A case series of neuroendocrine (carcinoid) tumor metastasis to the orbit.
PURPOSE/BACKGROUND: To report the clinical and radiographic features and treatment outcome of neuroendocrine tumor (carcinoid) metastasis to the orbit.
MATERIALS AND METHODS: Retrospective chart review of four cases.
RESULTS: Mean patient age at the time of diagnosis of the primary neuroendocrine tumor and orbital metastasis was 58 and 66 years, respectively, with a mean duration of 8 years between diagnosis of primary tumor and orbital metastasis. Primary neuroendocrine tumor sites were gastrointestinal tract (n = 2), lung (n = 1), and testicle (n = 1). The most common presenting symptom was diplopia (three cases). Magnetic resonance imaging revealed orbital tumor in all cases. Octreotide scan was positive in one case. Treatment was tumor excision in three cases followed by external beam radiotherapy in two cases and one patient was followed without treatment. Tumor cells showed immunoreactivity to chromogranin, synaptophysin, and neuron-specific enolase in all cases. Mean follow-up after orbital tumor diagnosis was 39 months. Three patients had known systemic extraorbital metastasis before orbital involvement (mean interval of 5.9 years) and one case had immediately after development of orbital metastasis. One patient had multiple recurrences of orbital metastasis and eventually underwent exenteration. Two patients died of disseminated metastasis between 2 and 3 years after diagnosis of orbital metastasis.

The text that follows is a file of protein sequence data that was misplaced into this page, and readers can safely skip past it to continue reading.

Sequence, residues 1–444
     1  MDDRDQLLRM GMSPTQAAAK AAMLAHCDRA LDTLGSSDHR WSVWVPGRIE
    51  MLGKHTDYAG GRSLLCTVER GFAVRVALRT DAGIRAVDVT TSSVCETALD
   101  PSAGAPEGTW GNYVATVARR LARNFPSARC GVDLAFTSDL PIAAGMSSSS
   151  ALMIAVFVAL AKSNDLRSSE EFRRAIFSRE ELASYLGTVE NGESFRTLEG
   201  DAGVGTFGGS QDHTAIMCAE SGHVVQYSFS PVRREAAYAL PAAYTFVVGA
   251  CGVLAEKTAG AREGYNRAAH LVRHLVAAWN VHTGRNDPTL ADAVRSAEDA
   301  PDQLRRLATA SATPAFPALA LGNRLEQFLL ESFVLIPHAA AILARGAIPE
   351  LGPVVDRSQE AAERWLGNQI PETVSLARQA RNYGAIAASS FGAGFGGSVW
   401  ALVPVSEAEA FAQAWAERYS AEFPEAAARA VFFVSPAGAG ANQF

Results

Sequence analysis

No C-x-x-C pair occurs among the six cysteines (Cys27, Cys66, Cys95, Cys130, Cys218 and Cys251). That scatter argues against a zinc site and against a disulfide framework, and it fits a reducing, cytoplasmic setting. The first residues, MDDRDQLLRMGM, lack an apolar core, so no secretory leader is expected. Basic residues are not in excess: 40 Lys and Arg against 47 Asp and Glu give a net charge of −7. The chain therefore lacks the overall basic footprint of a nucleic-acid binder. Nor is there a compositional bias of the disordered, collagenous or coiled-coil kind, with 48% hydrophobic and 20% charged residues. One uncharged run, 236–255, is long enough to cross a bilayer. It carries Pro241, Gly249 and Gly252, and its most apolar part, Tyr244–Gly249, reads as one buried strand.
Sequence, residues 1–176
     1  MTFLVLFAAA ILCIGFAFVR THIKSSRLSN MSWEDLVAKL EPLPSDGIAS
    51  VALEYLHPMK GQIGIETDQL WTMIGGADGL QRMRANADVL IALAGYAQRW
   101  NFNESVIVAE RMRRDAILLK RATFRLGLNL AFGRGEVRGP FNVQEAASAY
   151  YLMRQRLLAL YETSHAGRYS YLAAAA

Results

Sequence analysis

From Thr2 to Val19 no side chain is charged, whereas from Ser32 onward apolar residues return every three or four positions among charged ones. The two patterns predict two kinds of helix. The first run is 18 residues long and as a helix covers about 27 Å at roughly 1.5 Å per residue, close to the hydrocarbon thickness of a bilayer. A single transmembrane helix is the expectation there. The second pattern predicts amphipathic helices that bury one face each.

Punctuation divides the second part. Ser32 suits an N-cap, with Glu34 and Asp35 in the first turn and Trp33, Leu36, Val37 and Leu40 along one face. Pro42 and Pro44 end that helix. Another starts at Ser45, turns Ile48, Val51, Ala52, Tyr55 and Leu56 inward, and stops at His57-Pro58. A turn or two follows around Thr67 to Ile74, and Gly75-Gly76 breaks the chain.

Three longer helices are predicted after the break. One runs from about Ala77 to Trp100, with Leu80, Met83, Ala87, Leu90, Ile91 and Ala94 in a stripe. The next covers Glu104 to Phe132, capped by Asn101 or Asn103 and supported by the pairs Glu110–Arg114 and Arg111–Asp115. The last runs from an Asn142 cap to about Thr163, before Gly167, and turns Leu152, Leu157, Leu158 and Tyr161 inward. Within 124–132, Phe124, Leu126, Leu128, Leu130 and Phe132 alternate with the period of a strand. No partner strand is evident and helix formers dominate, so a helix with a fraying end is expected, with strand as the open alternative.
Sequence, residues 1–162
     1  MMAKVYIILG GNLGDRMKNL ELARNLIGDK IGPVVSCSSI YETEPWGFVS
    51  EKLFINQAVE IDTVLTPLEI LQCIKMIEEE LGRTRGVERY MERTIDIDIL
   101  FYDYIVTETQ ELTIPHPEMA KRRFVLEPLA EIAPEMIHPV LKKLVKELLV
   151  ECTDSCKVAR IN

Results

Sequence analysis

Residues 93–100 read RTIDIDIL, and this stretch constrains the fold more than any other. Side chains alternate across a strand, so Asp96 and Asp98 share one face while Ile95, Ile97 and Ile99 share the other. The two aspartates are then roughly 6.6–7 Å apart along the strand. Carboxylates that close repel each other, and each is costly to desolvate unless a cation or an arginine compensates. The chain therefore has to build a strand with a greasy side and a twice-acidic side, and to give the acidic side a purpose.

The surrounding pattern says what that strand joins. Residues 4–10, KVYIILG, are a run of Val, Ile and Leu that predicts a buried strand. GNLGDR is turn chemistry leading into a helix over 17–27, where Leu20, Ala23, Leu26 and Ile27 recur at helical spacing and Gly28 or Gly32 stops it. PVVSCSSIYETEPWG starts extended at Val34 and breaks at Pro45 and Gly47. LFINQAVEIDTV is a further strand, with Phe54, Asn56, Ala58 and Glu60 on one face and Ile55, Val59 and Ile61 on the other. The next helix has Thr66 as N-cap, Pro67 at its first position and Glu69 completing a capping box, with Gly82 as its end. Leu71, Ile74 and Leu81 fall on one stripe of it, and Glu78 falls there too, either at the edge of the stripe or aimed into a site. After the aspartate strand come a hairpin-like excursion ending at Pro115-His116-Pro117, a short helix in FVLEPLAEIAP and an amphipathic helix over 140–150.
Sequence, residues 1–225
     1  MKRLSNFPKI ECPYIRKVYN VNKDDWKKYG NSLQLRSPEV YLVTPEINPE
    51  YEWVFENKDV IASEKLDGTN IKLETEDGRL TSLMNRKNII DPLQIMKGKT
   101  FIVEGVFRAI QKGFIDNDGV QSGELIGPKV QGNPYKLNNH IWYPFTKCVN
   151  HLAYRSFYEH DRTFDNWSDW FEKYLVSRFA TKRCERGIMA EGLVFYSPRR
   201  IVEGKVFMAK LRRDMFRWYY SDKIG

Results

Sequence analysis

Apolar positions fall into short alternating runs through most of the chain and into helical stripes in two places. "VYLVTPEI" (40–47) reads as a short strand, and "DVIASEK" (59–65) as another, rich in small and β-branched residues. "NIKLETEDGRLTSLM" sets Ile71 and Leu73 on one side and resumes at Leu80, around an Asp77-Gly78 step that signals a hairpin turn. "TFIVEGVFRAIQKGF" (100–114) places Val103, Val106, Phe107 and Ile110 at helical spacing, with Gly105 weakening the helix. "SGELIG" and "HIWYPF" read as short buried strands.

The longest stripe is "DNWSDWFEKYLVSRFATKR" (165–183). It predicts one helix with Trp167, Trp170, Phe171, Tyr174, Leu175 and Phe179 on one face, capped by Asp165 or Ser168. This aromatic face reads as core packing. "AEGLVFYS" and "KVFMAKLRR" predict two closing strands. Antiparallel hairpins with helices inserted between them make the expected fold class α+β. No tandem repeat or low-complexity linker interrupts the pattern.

CONCLUSION: All four patients with orbital metastasis from neuroendocine tumor had evidence of systemic extraorbital metastasis. Aggressive metastatic neuroendocine tumors of orbit can lead to local recurrence even after surgical excision and radiation. Imaging tests were helpful in allowing early diagnosis and for monitoring after treatment.
Recommended CitationTuraka, Kiran; Mashayekhi, Arman; Shields, Carol L; Lally, Sara E; Kligman, Brad; and Shields, Jerry A, "A case series of neuroendocrine (carcinoid) tumor metastasis to the orbit." (2011). Wills Eye Institute Papers. Paper 26.